Battery goes dead


Technical information and Q&A applicable to all years and models of Goldwings
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dhiemenz
Posts: 3
Joined: Fri May 03, 2013 4:08 pm
Location: little falls mn
Motorcycle: 1983 GL1100 Aspencade

Battery goes dead

Postby dhiemenz » Fri May 03, 2013 4:23 pm



I bought a 1983 GL1100 aspencade about 7 years ago and almost each year I have to replace the battery ,even then I have to charge it if it sits a week with out starting it, when I drive it the volt meter stays at 12 to 14 until i get up in speed 45 or more with radio on then it drops to 8 to9 at 55 or more , can it be the rectifier or what ,another Myth i heard was that this was the first year of the digital dash and theres thoughts to that draining the battery ?any suggestions



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Big Blue UK
Posts: 379
Joined: Mon Jan 21, 2013 2:18 pm
Location: Staffordshire UK
Motorcycle: GL1800 Monarch

Re: Battery goes dead

Postby Big Blue UK » Fri May 03, 2013 8:23 pm

I found this. I remember a Wing that had a external alternator fitted but was a long time ago.

The voltage with a good battery should read 13-14 volts at 3000 rpm.
If not, try disconnecting the black wire on the regulator and see if it goes up.
If it does, the regulator may be faulty.

The problem is sometimes the connectors under the left side cover. These can be cut and soldered if bad.

Just left of the battery is a connector with 3 yellow wires in it. This is the stator output.
Unplug it and check the the 3 yellows for continuity between all 3 wires.
There should be no connection to ground on any of them.
While unplugged and running the "AC" voltage between these wires is over 50 volts (multimeter set on "AC")

The engine has to be removed to change the stator coil. It can be done but a shop manual is needed.
If you look around on the internet some people have converted these bikes to using a small external
alternator.
If at first you don't succeed, hide the evidence.

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WingAdmin
Site Admin
Posts: 17050
Joined: Fri Oct 03, 2008 4:16 pm
Location: Strongsville, OH
Motorcycle: 2000 GL1500 SE
1982 GL1100A Aspencade (sold)
1989 PC800 (wife's!)
1998 XV250 Virago (sold)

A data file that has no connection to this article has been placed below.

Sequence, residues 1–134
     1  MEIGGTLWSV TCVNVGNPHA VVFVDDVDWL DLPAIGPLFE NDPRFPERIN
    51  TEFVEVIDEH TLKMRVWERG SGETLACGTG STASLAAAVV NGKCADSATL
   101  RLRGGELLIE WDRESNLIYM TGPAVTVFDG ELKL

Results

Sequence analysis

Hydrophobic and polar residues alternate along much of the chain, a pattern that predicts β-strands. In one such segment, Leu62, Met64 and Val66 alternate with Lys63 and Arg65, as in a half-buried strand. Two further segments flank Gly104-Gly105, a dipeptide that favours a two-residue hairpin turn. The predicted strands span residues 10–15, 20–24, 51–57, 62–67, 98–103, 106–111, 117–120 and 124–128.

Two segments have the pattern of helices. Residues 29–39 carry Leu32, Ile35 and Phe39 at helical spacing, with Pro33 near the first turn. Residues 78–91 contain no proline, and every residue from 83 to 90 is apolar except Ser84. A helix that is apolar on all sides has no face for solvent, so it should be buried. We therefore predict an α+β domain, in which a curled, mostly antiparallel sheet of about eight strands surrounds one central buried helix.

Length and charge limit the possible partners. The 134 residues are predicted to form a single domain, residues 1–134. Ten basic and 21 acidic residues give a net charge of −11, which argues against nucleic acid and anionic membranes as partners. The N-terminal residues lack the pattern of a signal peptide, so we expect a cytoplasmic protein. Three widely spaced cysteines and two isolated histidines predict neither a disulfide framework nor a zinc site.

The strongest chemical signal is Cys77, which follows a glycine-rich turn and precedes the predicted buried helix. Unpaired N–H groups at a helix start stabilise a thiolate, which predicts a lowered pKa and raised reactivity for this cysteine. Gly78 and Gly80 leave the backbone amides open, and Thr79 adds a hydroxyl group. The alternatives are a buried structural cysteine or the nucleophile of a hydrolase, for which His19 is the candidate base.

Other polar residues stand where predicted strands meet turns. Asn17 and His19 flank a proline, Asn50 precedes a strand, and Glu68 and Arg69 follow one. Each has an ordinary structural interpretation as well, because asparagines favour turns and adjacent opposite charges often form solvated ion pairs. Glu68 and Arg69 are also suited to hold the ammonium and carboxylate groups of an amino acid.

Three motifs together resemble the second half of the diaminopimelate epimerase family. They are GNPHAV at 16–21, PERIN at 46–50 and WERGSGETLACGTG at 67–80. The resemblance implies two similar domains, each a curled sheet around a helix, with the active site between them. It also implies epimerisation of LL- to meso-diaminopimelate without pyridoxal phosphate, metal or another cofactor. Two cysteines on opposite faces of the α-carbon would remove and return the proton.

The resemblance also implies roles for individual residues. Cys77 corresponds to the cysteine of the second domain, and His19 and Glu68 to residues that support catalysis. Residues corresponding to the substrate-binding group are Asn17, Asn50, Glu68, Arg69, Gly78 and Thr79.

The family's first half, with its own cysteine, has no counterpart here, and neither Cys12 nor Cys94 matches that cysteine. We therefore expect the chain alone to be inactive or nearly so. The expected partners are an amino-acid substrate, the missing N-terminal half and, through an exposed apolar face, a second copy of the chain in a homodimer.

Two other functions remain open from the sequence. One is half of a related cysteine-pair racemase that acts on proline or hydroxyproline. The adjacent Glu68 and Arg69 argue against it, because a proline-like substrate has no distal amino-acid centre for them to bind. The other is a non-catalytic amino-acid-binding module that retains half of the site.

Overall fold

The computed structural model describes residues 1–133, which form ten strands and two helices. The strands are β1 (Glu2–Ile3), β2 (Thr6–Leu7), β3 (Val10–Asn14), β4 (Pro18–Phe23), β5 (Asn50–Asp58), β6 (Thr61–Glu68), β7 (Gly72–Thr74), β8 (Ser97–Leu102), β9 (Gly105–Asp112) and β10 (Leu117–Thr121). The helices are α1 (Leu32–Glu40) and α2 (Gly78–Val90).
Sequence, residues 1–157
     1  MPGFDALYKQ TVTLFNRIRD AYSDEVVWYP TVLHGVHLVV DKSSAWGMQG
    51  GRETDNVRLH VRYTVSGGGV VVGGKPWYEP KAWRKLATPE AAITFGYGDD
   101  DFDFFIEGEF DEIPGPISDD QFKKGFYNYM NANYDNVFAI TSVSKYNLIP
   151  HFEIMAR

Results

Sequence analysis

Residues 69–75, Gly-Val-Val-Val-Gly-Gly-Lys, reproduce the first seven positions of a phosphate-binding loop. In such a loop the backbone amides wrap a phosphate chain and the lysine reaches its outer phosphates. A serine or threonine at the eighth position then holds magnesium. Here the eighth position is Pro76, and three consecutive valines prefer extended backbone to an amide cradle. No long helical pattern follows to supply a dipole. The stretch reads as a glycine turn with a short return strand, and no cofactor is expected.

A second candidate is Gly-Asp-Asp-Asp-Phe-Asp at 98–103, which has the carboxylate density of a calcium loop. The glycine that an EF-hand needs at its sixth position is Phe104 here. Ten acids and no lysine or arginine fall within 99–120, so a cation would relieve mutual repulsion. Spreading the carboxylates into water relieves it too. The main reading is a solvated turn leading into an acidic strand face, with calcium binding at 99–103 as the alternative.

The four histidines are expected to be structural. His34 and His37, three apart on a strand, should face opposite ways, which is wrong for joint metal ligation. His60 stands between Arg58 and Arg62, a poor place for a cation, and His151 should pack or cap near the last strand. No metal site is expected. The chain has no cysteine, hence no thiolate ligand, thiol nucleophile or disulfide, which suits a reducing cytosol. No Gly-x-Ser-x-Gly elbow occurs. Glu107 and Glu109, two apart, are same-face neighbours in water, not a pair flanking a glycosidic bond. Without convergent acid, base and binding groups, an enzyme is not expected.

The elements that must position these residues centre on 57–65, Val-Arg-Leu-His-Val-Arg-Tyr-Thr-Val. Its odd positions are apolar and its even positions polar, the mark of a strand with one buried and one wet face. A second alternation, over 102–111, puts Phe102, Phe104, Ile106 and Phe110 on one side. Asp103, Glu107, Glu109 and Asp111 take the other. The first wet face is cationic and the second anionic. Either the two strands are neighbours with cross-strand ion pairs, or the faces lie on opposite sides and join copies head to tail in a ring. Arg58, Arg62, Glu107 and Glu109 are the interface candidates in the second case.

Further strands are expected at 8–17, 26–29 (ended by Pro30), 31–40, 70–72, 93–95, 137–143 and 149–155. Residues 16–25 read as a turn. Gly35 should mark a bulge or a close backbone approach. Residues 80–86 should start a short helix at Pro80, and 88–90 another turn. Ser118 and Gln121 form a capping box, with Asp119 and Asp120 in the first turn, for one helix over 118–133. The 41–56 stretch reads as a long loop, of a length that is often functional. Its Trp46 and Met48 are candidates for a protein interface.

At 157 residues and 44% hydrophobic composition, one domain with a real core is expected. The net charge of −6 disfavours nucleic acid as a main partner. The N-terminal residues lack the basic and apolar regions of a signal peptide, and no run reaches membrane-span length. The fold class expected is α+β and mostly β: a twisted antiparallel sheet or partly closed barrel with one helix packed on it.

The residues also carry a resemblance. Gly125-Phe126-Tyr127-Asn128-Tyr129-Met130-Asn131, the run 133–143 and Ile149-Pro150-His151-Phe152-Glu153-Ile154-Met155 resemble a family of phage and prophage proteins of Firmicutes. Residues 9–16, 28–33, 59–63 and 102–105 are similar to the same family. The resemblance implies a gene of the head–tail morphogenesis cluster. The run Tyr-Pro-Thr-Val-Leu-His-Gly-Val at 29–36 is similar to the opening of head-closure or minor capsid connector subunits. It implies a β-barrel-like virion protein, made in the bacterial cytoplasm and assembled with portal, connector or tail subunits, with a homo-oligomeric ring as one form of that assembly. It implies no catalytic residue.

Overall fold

2007 Aspen Sentry Trailer

Re: Battery goes dead

Postby WingAdmin » Sun May 05, 2013 9:39 am

I used to have to replace my 1100's battery every single year. On others' advice, I bought a Battery Tender Jr., and left it hooked up to the bike whenever it was parked. I never bought a new battery again after that. An excellent $25 investment.

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virgilmobile
Posts: 7663
Joined: Sun Sep 19, 2010 5:39 pm
Location: Denham Springs,La.
Motorcycle: 1988 GL1500 I
Previously owned
78 GL1000
81 GL1100
82 GL1100 I
83 GL1100 I
83 GL1100 standard
84 GL 1200 I

Re: Battery goes dead

Postby virgilmobile » Sun May 05, 2013 11:24 am

Your battery should not drop to 8-9 volts at highway speed.
This needs to be investigated further than just replacing the battery.
Your charging volts should stay between 13 volts and 14.6 volts all the time.

NO EXCEPTIONS.

Use a DVM ATTACHED directly the battery posts.
Run the bike at least 5 minutes at 1500 RPM and increase the RPM to 3500 and hold.
The charging system should peak in this area and be between 14.1 and 14.6 volts.

Let us know your findings.

User avatar
WingAdmin
Site Admin
Posts: 17050
Joined: Fri Oct 03, 2008 4:16 pm
Location: Strongsville, OH
Motorcycle: 2000 GL1500 SE
1982 GL1100A Aspencade (sold)
1989 PC800 (wife's!)
1998 XV250 Virago (sold)
2007 Aspen Sentry Trailer

Re: Battery goes dead

Postby WingAdmin » Sun May 05, 2013 9:11 pm

virgilmobile wrote:Your battery should not drop to 8-9 volts at highway speed.
This needs to be investigated further than just replacing the battery.
Your charging volts should stay between 13 volts and 14.6 volts all the time.

NO EXCEPTIONS.

Use a DVM ATTACHED directly the battery posts.
Run the bike at least 5 minutes at 1500 RPM and increase the RPM to 3500 and hold.
The charging system should peak in this area and be between 14.1 and 14.6 volts.

Let us know your findings.


Whoa, I didn't read far enough into his message - comes from skimming messages too quickly, I guess. :) Virgil is right, you should never see that voltage when the engine is at cruising speed.




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